Thursday, May 17, 2012

Bournemouth Kawasaki Racing and Zytek Automotive Join Forces to Develop TT Zero Electric Racing Motorcycle

"British Superbike race team, Bournemouth Kawasaki Racing and electric powertrain innovators, Zytek Automotive, have joined forces to develop an Electric Motorcycle to take part in the Isle of Man SES TT Zero race on 6 June.

... The team, which is being supported by Kawasaki Motors UK, are using a race proven Kawasaki Ninja ZX-10R chassis, powered by a state of the art Zytek Permanent Magnet oil cooled KERS motor. At a proven 100kW (the equivalent of 134 horsepower) the design has previously been used in a Hybrid Le-Mans 24 hour racing car, and uses technology similar to the extremely successful Zytek KERS system used in the 2009 Formula 1 season.

... Zytek Project Manager Des Hill said “I watched the TT Zero race last year from the Gooseneck corner at the start of the steep “mountain” section and, frankly, many of the entries were very slow. Using Direct Drive and no gearbox they simply didn’t have the torque to pull away from Ramsey Hairpin and accelerate up the mountain in same way as a conventional engined bike would.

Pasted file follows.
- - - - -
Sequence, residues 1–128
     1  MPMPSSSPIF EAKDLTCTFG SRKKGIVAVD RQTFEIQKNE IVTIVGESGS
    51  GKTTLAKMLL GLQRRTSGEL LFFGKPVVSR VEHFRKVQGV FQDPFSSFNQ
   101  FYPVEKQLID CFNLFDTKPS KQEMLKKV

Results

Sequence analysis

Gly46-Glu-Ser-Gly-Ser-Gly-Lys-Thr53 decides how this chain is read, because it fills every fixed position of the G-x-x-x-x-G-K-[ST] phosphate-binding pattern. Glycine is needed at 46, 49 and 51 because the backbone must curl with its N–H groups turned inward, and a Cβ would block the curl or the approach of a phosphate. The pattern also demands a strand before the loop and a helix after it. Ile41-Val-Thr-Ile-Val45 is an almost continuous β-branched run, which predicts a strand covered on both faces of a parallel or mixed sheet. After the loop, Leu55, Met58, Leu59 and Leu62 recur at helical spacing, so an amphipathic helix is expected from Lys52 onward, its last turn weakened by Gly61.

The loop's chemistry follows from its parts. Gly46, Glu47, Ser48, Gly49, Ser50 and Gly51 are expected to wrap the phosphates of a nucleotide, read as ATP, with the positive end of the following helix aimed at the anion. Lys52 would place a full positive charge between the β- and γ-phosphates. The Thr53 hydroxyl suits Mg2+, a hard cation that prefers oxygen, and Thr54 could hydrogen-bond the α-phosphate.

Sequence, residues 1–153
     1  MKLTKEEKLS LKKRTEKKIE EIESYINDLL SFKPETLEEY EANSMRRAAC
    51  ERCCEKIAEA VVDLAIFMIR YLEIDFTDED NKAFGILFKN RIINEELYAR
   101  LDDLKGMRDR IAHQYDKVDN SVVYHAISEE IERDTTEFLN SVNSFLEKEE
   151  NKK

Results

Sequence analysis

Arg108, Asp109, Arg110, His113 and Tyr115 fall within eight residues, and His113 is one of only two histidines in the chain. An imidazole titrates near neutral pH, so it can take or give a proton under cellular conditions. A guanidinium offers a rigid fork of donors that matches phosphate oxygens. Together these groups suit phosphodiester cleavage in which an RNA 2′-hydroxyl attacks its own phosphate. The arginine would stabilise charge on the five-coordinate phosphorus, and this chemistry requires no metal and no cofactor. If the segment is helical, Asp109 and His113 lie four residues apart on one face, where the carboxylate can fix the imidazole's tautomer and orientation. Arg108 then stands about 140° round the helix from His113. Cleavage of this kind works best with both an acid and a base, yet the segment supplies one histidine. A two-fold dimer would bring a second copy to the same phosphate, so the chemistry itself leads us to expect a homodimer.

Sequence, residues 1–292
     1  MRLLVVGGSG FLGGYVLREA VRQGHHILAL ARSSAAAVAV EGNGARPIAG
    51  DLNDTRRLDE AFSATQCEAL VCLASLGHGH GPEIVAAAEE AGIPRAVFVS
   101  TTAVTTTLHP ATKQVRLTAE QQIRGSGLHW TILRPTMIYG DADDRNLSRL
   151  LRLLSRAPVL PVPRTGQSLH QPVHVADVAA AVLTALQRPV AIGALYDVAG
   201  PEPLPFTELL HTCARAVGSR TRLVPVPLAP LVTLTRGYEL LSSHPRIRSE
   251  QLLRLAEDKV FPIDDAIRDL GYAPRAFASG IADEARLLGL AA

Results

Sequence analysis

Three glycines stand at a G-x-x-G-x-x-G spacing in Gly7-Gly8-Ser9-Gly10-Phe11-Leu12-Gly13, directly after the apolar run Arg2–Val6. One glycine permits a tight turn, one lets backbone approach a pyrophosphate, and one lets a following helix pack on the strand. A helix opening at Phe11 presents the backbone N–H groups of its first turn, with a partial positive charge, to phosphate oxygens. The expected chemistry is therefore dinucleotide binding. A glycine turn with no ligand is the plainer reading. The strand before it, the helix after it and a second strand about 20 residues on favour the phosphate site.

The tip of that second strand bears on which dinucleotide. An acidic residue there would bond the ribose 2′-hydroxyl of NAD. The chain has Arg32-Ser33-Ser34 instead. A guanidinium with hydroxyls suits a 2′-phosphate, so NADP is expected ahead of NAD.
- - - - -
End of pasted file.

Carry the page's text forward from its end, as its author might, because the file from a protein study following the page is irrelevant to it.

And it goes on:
... By using the Kawasaki six speed transmission we won’t have just built an electric motorcycle, but a machine with the performance nearing that of a conventional racing machine” By using multiple 15Ah LiFeP04 cylindrical cells, Zytek have managed to squeeze an 11.8kWh battery of their own design into the twin spar aluminium Ninja ZX-10R frame in four separate packs, each of a bespoke design.

... Working in partnership with highly respected Battery Management experts REAP systems of Southampton, the distribution of the battery packs was a real challenge according to Hill. “The shape of the Ninja ZX-10R frame is designed to curve around a conventional engine, and does not lend itself naturally to the fitment of a battery. We have ended up filling the area normally use by the tank, air-box, radiator and exhaust with four sculpted packs. In total we have 240 power cells carefully distributed around the bike” 

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